Buying a Linux laptop in 2007

Stock laptop imageIt’s time for a new laptop, as I’ve detailed, I’ve ripped apart, inserted coins and duct-taped  the old iBook back together again enough times, and it’s no longer viable. It’ll work fine on a flat surface, but if you try to use it as a laptop the minor flexing must loosen the video chip, because you quickly find your video locked, with a hard reboot the only fix. The wildcards are me as a buyer, since I’m hardly ordinary with my expectation that any laptop or desktop I’m going to buy is only going to run Linux, and the recent announcements by HP, IBM/Lenovo and Dell about their Linux support (some even pre-installed), I knew I’d finally have choices to consider. In the end I came up with a pretty current system, that Debian or Ubuntu will be 100% compatible with, and will be proud to call home. The detailed specs:

Intel Core 2 Duo T5470, 1.6GHz, 800Mhz FSB, 2M L2 Cache 15.4 inch Wide Screen XGA LCD display 1GB, DDR2, 667MHz 2 DIMM 128MB NVIDIA GeForce 8400M GS 120G 5400RPM SATA Hard Drive Integrated 10100 Network Cardand Modem 8X DVD+/-RW with double-layer DVD+R write capability Integrated High Definition Audio 2.0 Intel 3945 WLAN (802.11a/g) Mini Card Integrated 2.0 mega pixel webcam Integrated Bluetooth 85 WHr 9-cell Lithium Ion Primary Battery

This is more system that I originally spec’d out, but the price was right, so I’m very happy.  Before I reveal which brand I picked, I’ll tell the interesting story of how I ended up with the ‘top I did, and how things compare for laptop Linux options these days, it’s an interesting ride.

NOTE: feel free to Digg this article if you like it.

MacbookAs I mentioned, my last laptop was the iBook that I’ve posted about often. While I liked it I had tons of trouble with it, however I know it’s specific to that model, so I’m not holding it against Apple; they’re still in the running, especially when you look at the sleek MacBooks. I picked the MacBook that had a DVD burner (aka ‘Superdrive’ on a Mac), which was one of my requirements, and while it has a faster proc, and some other components that were not up to my specs, it was closest to what I wanted. So the MacBook** would would be $1299** - honestly way more than I am prepared to pay for a laptop (I paid ~$950 for my iBook - but times have changed), and I feel I am paying a premium for an Apple, when I’m not even going to use OS X. So while the hardware would be mostly compatible, I haven’t seen many that are running Linux only on these machines yet, so there’s a bit of the unknown to contend with, I have to rate this one as still being expensive.

Then there are the specialty Linux makers, they’ve sold Linux pre-installed on systems for years,System76 Pangolin mostly outside of the US, but still, they’re someone I wanted to target for a long time. Looking at a system over at System76, I found a comparable model with Ubuntu Linux preloaded, System76 Pangolin Value** running is $1051, a little better, and nice that Linux is pre-installed (even though I’d likely wipe it as soon as I got it). Next up, Emporer Linux had a model with a smaller harddrive, but otherwise almost lined up pre-installed with Ubuntu Linux, but the [Emporer’s Tiger model](http://www.emperorlinux.com/systems/medium/tiger/) would cost a whopping $1475**. So thanks, but really, why would I consider a lessor spec’d system for more money?  I like that they’re selling systems with Linux, but not enought to spend that much more for the pleasure.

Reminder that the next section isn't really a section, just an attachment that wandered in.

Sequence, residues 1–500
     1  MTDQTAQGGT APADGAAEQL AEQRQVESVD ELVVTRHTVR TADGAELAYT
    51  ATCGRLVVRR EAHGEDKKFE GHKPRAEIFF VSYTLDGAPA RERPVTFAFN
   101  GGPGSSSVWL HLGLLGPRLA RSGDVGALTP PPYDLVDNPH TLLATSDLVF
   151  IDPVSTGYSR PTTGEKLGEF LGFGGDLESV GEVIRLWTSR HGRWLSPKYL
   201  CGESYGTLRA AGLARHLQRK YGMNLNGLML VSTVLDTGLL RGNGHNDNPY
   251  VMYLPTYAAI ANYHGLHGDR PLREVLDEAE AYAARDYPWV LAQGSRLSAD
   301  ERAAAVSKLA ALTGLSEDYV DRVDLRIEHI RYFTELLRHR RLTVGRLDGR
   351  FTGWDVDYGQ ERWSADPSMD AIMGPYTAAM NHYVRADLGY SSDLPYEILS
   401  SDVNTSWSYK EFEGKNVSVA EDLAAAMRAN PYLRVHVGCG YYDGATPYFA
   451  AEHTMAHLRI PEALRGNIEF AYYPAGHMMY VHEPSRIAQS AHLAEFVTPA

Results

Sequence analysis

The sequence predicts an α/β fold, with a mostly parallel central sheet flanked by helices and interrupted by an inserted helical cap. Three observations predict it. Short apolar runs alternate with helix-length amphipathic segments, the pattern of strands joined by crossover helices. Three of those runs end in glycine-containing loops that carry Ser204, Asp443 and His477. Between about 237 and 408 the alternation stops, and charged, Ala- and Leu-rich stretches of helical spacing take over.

hpSo now we move on to the big players, yep, companies like HP, IBM/Lenovo and Dell are selling pre-installed Linux desktops and notebooks to regular Joes like yourself, or so I thought. Over at HP is where I hit my first snag. I found a laptop that compared favorably to my specs, however you couldn’t get Linux, or the FreeDOS option (which basically means a computer without an OS installed, but with install disks for FreeOS) on that one. So while HP’s 6720s Notebook** sells for $799** it includes the garish Windows Vista (a view I’d rather not experience). Still, I wouldn’t have to run it, I would still install Linux right offEmperor Tiger the bat, as I would likely with any of the sytems I’d buy. Seeing how much of a machine I could get for the money when looking at ‘Windows’ systems made the likelyhood of a pre-installed Linux laptop less likely. Undeterred, I pressed on. IBM/Lenovo’s Thinkpad series has been a long running favorite among freaks who want to run Linux on a laptop, and I found a sweet one,  IBM’s Thinkpad R61** for $922** measured up nicely, but again, same disclaimer about Windows, which is annoying when you don’t really know how much more you’re paying to have the ability to choose better systems.

InspironThen there’s Dell, perhaps the noisest, new retailer that pre-isntalls Linux.  If you’re on dell.com, from the Desktop or Notebook drop down menus on most of the pages (Even the ‘Home’ section) you can find a link for Open-Source PCs. Now while that doesn’t say ‘Linux’ (and I suspect most wouldn’t equate that with Linux) it’s a start. Going straight to Dell’s Open Source/Ubuntu page gets you there quicker, where you can spec out the Ubuntu Linux pre-installed Inspiron 1420N going for $939. Not bad, the only thing is, that’s the only choice you have as far as Laptops with Linux preinstalled in the Dell world.

So, knowing how cheap the laptops from Dell get, due to their incessant catalogs about their SmallVostro 1500 Business deals I keep finding in my mailbox, I start poking around the site. The catalog showed some attractive prices on the new base Vostro model, the 1000. I found that a one could be had for $449, but that left you with a bunch of upgrades to get it up to something more comparable to the above. Once that is done you’re looking at the Dell Vostro 1000** for $609**.  Wow, that’s not bad - of course it gives you the older Athlon 64 X2 Dual-Core, and I’m personally a little wary of putting such a beast in a laptop. Still, the other components are decent, not the best, but passable. The ATI video used shared memory, something you want to steer away from, but again, for most, this would be fine and the 15.4” widescreen wouldn’t be bad to have at all.